Yes, quite possibly  but I think it's slightly ambiguous; you can also get a spline doing exactly what's described by using a Hermite and setting the tangents to: m0 = (1/6)( 54q(1/3)  27q(2/3)  33p0 + 6p1 ) m1 = (1/4)( 7p0 + 2m0 + 20p1  27P(2/3) (assuming I've worked it out right  quite possibly mistakes in there) :) Cheers, Andrew. _____ From: Simon Fenney [mailto:simon.fenney@...] Sent: 04 November 2008 12:28 To: andrew.vidler@...; Game Development Algorithms Subject: RE: [Algorithms] spline name No. AFAICS (and assuming my maths is correct) the cubic spline Jarkko has described has the following basis matrix: [ 9 27 27 9] M_interp =1/2 [ 18 45 36 9] [11 18 9 2] [ 2 0 0 0] Whereas for a Hermite spline we have (from Foley et al) [ 2 2 1 1] M_hermite = [3 3 2 1] [0 0 1 0] [1 0 0 0] Simon _____ From: Andrew Vidler [mailto:andrew.vidler@...] Sent: 04 November 2008 11:38 To: 'Game Development Algorithms' Subject: Re: [Algorithms] spline name I think you've just found a way of specifying the tangents for a cubic hermite curve? http://en.wikipedia.org/wiki/Cubic_Hermite_spline If you look at the formula for q(1/3) and q(2/3) then you'll get two equations in terms of the endpoints and the tangent at each endpoint  just rearranging for the tangents gives you two equations (one for each tangent) in terms of the endpoints and q(1/3), q(2/3)  which is what you've got. Unless there's some other characteristic of the spline that means it's not a Hermite? Cheers, Andrew. _____ From: Jarkko Lempiainen [mailto:altairx@...] Sent: 04 November 2008 11:10 To: 'Game Development Algorithms' Subject: [Algorithms] spline name Hi, Does anyone know if there is a name for a cubic spline which goes through all the defined control points p0..p3 in the interval t=[0, 1], so that q(0)=p0, q(1/3)=p1, q(2/3)=p2 and q(1)=p3? I solved the basis matrix for it, but don't know what's the name of the wheel I just reinvented ;) Cheers, Jarkko ______________________________________________________________________ This email has been scanned by the MessageLabs Email Security System. For more information please visit http://www.messagelabs.com/email ______________________________________________________________________ ______________________________________________________________________ This email has been scanned by the MessageLabs Email Security System. For more information please visit http://www.messagelabs.com/email ______________________________________________________________________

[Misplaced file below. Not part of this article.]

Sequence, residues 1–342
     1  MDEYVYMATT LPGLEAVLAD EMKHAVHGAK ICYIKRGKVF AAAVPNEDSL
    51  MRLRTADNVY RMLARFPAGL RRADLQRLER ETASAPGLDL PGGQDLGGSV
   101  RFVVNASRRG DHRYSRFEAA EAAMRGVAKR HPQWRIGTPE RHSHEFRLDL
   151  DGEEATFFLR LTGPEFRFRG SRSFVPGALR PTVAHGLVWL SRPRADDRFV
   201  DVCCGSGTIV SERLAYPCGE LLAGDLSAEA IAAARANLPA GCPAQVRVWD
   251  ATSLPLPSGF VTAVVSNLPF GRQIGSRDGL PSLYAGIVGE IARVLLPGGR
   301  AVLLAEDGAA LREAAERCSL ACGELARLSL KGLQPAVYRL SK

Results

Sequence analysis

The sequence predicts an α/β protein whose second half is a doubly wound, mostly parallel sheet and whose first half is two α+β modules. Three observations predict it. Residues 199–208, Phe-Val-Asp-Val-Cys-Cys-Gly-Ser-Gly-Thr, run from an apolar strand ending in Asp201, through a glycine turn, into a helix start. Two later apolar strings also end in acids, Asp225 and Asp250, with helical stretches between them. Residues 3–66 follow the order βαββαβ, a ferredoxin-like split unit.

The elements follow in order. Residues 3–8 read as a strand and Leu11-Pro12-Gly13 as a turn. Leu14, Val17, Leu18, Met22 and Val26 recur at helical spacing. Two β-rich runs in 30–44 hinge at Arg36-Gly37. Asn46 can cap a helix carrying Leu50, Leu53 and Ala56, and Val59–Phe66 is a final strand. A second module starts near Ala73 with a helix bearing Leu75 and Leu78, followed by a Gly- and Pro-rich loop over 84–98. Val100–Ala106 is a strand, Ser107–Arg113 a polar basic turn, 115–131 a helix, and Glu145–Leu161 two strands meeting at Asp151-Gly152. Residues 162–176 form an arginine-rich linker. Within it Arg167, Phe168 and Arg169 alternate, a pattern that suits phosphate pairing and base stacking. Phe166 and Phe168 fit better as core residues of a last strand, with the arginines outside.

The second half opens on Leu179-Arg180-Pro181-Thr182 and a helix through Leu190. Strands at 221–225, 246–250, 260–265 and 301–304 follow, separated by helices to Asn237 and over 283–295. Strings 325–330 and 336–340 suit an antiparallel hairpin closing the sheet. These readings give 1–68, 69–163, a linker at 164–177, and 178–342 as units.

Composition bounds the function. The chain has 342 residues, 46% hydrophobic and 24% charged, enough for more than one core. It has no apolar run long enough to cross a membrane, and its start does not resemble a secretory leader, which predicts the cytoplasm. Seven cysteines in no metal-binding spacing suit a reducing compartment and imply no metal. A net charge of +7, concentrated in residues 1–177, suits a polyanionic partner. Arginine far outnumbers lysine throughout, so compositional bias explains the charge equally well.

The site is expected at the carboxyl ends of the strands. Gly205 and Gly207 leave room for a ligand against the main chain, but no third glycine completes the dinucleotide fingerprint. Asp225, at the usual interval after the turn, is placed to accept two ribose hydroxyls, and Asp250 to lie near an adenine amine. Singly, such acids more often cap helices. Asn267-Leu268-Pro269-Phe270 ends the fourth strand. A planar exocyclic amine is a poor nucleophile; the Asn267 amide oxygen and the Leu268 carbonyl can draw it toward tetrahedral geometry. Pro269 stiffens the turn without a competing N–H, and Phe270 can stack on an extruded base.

From: Andrew Vidler <andrew.vidler@ni...>  20081104 12:31:52